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SCG Members Samueli Foundation and Tiger Woods Foundation Featured in US News and World Report Article on STEM

Wednesday, July 1, 2015

The below article was published in US News and World Report on June 30, 2015:

It's not enough to just bring STEM education into the classroom each day -- learning takes place outside of school, too.

By bringing together educators, administrators, businesses and community organizations, leaders can create a "STEM Ecosystem" that helps students learn after school and in their local communities, experts said during the U.S. News STEM Solutions conference in San Diego on Tuesday.

The panelists included leaders from foundations, educational institutions and community programs. Katherine Bihr, vice president of programs and education for the Tiger Woods Foundation; Jeff Hittenberger, chief academic officer of the Orange County Department of Education; and Lucy Santana-Ornelas, chief executive officer of Girls Inc. of Orange County, participated in the panel discussion titled "OC STEM: An Exosystem Approach Optimizing STEM Learning for All."

Gerald Solomon, executive director of the Samueli Foundation, moderated the discussion. Below are key takeaways from the panel.
Higher education administrators, students and industry professionals gathered in Washington, D.C., on May 5, 2015, to speak to Congressional staffers and representatives about the need to attract more African-American men to STEM.

Many STEM Learning ecosystems -- at least 25 to date -- are developing across the country, many of which are modeled after a system that started in Orange County, California. Developing the OC STEM project was a grassroots effort, the panelists said, that brought together donors, the county department of education and the local Girls Inc. chapter and local schools.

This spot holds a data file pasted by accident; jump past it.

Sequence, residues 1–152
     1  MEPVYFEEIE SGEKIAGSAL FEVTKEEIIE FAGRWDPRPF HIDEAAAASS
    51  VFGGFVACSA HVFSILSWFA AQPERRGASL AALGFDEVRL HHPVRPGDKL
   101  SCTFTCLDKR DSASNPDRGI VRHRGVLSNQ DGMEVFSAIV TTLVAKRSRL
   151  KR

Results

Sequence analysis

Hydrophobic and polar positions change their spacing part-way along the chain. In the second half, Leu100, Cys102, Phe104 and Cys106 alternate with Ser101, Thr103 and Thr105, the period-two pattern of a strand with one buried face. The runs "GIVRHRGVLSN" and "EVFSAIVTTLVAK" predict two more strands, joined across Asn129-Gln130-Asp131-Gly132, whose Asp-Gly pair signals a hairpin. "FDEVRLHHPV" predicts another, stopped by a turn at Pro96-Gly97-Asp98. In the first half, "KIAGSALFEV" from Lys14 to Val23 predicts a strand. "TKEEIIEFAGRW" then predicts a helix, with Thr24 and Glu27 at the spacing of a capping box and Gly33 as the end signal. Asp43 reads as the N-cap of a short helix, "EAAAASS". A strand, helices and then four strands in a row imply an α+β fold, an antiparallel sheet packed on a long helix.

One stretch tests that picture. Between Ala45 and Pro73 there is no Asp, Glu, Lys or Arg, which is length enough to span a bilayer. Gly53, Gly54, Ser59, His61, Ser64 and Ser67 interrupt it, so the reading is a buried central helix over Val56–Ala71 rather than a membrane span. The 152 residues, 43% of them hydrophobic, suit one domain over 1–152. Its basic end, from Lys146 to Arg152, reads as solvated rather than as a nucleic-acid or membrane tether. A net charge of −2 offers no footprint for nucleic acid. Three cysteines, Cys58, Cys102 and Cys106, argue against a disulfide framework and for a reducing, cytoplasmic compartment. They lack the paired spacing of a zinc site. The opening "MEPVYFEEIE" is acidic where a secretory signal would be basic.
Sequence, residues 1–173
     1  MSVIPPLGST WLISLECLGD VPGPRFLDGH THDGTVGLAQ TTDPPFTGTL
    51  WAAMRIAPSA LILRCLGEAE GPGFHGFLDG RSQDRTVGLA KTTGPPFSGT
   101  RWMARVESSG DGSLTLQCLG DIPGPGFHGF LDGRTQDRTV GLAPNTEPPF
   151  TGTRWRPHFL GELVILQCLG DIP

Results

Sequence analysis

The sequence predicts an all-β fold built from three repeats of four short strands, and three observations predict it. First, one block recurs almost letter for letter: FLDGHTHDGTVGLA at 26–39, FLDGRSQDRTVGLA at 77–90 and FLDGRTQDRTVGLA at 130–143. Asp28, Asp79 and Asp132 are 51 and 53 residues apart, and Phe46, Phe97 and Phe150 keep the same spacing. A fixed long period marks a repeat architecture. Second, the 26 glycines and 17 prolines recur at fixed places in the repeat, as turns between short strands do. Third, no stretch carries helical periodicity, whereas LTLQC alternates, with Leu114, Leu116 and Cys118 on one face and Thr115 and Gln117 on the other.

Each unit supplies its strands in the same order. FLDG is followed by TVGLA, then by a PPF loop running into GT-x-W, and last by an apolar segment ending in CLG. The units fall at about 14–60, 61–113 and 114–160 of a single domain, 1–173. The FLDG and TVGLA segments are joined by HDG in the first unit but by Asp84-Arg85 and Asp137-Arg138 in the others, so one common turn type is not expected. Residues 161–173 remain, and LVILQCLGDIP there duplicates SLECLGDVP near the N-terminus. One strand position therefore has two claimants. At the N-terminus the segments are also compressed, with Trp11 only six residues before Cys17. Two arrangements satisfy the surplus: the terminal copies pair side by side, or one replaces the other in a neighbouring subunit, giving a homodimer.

After identifying other similar systems across the country, Solomon said the group identified common attributes among successful ecosystems: programs anchored by strong, passionate leaders with a collaborative vision and practice; with long-term, committed funding; with a strong, engaged after-school partner; with credible, engaged informal learning partners; and with a receptive public education partner.

The successful systems also shared common strategies: building the capacity of educators in all sectors; equipping educators with the tools and structures to enable sustained collaboration; linking in-and out-of-school STEM learning; creating learning progressions that connect and deepen STEM experiences over time; focusing instruction on inquiry, project-based learning and real-world connections to increase relevance; engaging families and communities; and maintaining a career opportunities focus.

"This is not about ego," said Bihr. "It has done what no other initiative has done for us ... just focus on what kids need. Boom. That's it."

Hittenberger of the Orange County Department of Education said the system has been "transformative" for public education.

"Often times in formal education, teachers are in their classroom trying to implement new standards and the after school world and informal world are alien," Hittenberger said. "To realize we have these partners in the informal space who can be working together with us on the implementation of these complex sets of standards ... that's super powerful. And it's having a transformative effect on the way our schools are approaching STEM."

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